14. Fennessy S, Craft C (2011) Agricultural conservation practices increase wetland ecosystem services in the Glaciated Interior Plains. Ecological Applications 21:S49–S64CrossRefGoogle Scholar
  15. Fernald AG, Guldan SJ (2006) Surface water-groundwater interactions between irrigation ditches, alluvial aquifers, and streams. Reviews in Fisheries Science 14:79–89CrossRefGoogle Scholar
  16. Fernald AG, Cevik SY, Ochoa CG, Tidwell VC, King JP, Guldan SJ (2010) River hydrograph retransmission functions of irrigated valley surface water-groundwater interactions. Journal of Irrigation and Drainage Engineering 136:823–835CrossRefGoogle Scholar
  17. Francis BA, Francis LK, Cardenas MB (2010) Water table dynamics and groundwater-surface water interaction during filling and draining of a large fluvial island due to dam-induced river stage fluctuations. Water Resources Research 46, W07513CrossRefGoogle Scholar
  18. Gollehon N, Quinby W (2000) Irrigation in the American west: area, water and economic activity. Water Resources Development 16:187–195CrossRefGoogle Scholar
  19. Green GN (1992) The Digital Geologic Map of Colorado in ARC/INFO Format: U.S. Geological Survey Open-File Report 92–0507, 9 p. http://geo-nsdi.er.usgs.gov/metadata/open-file/92-507/
  20. Harvey FE, Sibray SS (2001) Delineating groundwater recharge from leaking irrigation canals using water chemistry and isotopes. Groundwater 39:408–421CrossRefGoogle Scholar
  21. Kath J, le Brocque A, Miller C (2010) Wetland hydrology in an agricultural landscape: implications for biodiversity. In: BALWOIS 2010: Water Observation and Information System for Decision Support , 25-29 May 2010, Ohrid, MacedoniaGoogle Scholar
  22. Kendy E (2006) Impacts of changing land use and irrigation practices on western wetlands. National Wetlands Newsletter 28:27–32Google Scholar
  23. Kendy E, Bredehoeft JD (2006) Transient effects of groundwater pumping and surface-water-irrigation returns on stream flow. Water Resources Research 42, W08415CrossRefGoogle Scholar
  24. Kendy E, Zhang Y, Liu C, Wang J, Steenhuis T (2004) Groundwater recharge from irrigated cropland in the North China Plain: case study of Luancheng County, Hebei Province, 1949–2000. Hydrological Processes 18:2289–2302CrossRefGoogle Scholar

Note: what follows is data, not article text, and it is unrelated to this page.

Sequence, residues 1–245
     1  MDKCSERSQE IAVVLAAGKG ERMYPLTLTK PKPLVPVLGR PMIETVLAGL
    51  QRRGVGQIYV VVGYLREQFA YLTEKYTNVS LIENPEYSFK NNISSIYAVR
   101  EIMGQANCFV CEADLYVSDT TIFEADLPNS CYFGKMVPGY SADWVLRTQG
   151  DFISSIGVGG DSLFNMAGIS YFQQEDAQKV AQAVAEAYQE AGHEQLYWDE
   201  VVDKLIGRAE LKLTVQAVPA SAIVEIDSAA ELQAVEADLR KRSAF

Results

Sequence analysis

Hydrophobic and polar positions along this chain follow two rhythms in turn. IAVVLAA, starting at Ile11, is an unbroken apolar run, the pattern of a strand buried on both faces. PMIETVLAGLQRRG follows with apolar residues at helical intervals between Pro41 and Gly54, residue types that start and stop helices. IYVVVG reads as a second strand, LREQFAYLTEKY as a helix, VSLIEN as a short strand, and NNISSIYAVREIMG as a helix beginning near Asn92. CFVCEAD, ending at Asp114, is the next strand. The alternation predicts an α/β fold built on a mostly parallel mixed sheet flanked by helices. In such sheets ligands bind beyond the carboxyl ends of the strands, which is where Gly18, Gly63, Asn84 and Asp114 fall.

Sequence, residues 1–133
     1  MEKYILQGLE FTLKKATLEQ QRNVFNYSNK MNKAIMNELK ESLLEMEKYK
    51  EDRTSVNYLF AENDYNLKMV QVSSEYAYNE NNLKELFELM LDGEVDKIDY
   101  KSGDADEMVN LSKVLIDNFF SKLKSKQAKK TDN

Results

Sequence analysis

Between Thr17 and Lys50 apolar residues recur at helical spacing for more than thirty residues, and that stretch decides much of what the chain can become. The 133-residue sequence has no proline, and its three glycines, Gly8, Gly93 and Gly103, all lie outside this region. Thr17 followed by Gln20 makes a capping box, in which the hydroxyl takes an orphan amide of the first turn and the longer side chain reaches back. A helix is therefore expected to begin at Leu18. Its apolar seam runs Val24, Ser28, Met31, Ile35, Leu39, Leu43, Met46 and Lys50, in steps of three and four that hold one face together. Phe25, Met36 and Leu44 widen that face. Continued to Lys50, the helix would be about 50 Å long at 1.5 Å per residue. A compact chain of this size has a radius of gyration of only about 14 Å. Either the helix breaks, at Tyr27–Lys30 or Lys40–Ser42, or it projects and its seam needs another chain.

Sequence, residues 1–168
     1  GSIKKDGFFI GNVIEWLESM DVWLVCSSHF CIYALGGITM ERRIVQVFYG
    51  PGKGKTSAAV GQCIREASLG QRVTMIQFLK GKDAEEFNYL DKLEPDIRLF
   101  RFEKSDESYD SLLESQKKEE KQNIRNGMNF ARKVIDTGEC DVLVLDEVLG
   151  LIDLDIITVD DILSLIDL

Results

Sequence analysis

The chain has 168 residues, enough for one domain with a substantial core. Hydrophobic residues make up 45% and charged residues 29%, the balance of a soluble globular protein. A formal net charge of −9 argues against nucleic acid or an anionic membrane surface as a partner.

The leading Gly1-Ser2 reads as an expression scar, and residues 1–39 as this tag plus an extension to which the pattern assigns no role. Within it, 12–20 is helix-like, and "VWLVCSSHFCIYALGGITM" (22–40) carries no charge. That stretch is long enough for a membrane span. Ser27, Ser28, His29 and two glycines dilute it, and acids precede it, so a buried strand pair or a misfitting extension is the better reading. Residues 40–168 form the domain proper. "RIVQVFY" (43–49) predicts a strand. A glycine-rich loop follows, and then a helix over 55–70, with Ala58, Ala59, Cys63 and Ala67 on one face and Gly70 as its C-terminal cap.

25. Krause S, Jacobs J, Bronstert A (2007) Modeling the impacts of land-use and drainage density on the water balance of a lowland-floodplain landscape in northeast Germany. Ecological Modelling 200:475–492CrossRefGoogle Scholar
  26. Kray JA, Cooper DJ, Sanderson JS (2012) Groundwater use by native plants in response to changes in precipitation in an intermountain basin. Journal of Arid Environments 83:25–34Google Scholar
  27. Laubhan MK (2004) Variation in hydrology, soils, and vegetation of natural palustrine wetlands among geologic provinces. In: McKinstry MC, Hubert WA, Anderson SH (ed) Wetland and riparian areas of the intermountain west: ecology and management. University of Texas Press, pp 23–51Google Scholar
  28. Lemly AD, Kingsford RT, Thompson JR (2000) Irrigated agriculture and wildlife conservation: conflict on a global scale. Environmental Management 25:485–512PubMedCrossRefGoogle Scholar
  29. Lovvorn JR, Hart EA (2004) Irrigation, salinity, and landscape patterns of natural palustrine wetlands. In: McKinstry MC, Hubert WA, Anderson SH (ed) Wetland and riparian areas of the intermountain west: ecology and management. University of Texas Press, pp 105–129Google Scholar
  30. Luckey RR, Cannia JC (2006) Groundwater flow model of the western model unit of the Nebraska Cooperative Hydrology Study (COHYST) area: Lincoln, Nebr. Dept. of Natural Resources, http://cohyst.dnr.ne.gov/adobe/dc012WMU_GFMR_060519.pdf. Accessed February 2010
  31. McCune B, Mefford J (2006) PC-ORD. Multivariate analysis of ecological data. Version 5.10.MjM Software. Gleneden Beach, OregonGoogle Scholar
  32. Mitsch WJ, Gosselink JG (2000) Wetlands, 3rd edn. John Wiley & Sons, Inc, New YorkGoogle Scholar